“Whitehead’s remark that sense impressions are as good a basis for philosophy as traffic signs on the main road are a basis to elucidate the sociology of modern world (in Modes of Thought, lecture 2) encapsulates his view that experience has to be conceived as broader than the input of senses. He also understands experience as having to do with more than what is processed by awareness through a content and more than what is immediately present to us through our senses. His is a notion of experience that is non-Humean and in that sense non-Cartesian. Experience is, for him, what something goes through – and this is why actual entities are drops of experience. Experience is something like what affects, what has an effect, what has consequences. One doesn’t have to have access to what is experienced nor be able to discriminate its content. Whitehead’s notion contrasts with a Cartesian Empiricist, but it also contrasts with the notion of experience phenomenology endorses. Phenomenology still privileges content, in the sense of somehow owning the effect of an experience or rather feeling the effect of an experience. Even in post-Husserlian phenomenology where intentional acts are not the centre of what is a phenomenon, there is an element of attention – or access – that is not required in Whitehead’s account. Whitehead – and empiricists of his kind like Deleuze – are not phenomenologists. They don’t engage in a first-person analysis of the experience of an actuality, they privilege a third-person (this, he, she, there is a…) throughout. This is maybe because agency is not seen as fully independent from everything else in Deleuze; but the subject-superject structure in Whitehead, albeit imbedded in a nexus, is ontologically as primary as an actual entity – and has a peculiar perspctive on things. Still, there is nothing to be gained from the point of view of the agent, from a first-person perspective. This is perhaps why Ian Bogost talks about a phenomenology of things: it is about taking their perspective as agents.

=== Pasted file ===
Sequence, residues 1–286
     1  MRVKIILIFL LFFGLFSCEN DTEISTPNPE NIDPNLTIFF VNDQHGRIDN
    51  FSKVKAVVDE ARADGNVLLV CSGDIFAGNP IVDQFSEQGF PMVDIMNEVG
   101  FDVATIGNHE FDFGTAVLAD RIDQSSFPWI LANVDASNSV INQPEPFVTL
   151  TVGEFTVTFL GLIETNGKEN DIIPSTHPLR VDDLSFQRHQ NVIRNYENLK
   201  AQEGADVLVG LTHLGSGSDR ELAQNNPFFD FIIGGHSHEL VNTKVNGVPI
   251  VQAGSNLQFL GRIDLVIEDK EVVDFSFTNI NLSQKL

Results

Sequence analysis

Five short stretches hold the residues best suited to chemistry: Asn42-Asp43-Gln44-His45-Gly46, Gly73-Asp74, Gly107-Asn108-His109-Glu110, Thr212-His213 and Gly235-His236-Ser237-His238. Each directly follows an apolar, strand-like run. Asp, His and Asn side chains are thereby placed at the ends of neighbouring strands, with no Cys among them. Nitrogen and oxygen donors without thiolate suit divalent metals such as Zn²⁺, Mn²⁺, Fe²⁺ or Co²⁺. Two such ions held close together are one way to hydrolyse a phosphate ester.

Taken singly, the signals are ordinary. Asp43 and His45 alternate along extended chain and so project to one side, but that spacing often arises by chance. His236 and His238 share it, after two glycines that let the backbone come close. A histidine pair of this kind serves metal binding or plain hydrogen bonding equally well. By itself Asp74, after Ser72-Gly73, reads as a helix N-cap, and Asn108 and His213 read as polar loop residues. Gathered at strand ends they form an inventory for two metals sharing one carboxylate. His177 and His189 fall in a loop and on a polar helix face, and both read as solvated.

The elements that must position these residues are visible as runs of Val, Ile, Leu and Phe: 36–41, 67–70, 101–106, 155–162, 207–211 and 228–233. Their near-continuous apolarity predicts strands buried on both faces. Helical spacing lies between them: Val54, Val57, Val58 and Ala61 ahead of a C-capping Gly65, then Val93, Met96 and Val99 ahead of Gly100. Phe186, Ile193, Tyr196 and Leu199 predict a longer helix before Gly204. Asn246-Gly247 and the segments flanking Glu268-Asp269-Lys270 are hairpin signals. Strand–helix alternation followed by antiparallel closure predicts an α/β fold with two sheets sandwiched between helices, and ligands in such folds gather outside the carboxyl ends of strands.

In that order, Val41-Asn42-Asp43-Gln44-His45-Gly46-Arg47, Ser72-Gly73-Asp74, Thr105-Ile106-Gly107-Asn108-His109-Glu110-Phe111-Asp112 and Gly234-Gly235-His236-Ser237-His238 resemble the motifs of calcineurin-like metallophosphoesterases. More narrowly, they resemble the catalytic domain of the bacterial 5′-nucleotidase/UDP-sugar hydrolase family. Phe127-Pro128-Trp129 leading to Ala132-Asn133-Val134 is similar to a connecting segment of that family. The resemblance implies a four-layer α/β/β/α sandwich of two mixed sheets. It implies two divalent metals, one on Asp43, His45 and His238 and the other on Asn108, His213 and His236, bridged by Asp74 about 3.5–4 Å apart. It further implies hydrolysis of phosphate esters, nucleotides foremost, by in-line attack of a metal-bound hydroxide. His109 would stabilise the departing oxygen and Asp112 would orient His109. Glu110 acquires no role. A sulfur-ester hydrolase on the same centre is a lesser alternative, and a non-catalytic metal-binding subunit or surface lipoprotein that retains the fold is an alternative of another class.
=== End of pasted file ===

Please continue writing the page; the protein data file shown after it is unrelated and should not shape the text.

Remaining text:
These three conceptions of experience – the Humean, the phenomenological and the Whiteheadian – could be compared with the externalism debates about perception and knowledge through perception. Whitehead’s account could be close to that of externalists who require no access to what is experienced and no ability to discriminate a content for experience to take place. (Still, as I wrote a while ago in this blog, Whitehead is a Lockean and therefore far from any form of disjunctivism or reliabilism.) The idea that one could have access without being able to discriminate what is being experienced – like disjunctivists (like Duncan Pritchard) sometimes claim they do – could be somehow compared with phenomenologists if we consider that a phenomenological description is like having an access and the ability to discriminate what is being experienced is of a lesser importance. Of course, there are big differences here. Phenomenology is not primarily about getting truth through experience. Still, in both discussions what is at stake is how to de-Cartesianize experience – how far one can go retaining the idea of feelings and extracting it from the sphere of awareness.”
I keep thinking there might be something in the as-if quality of experience that could be useful in a new enactivist (see https://uow.academia.edu/DanielDHutto) sense of poetic dwelling but it remains illusive if not illusory.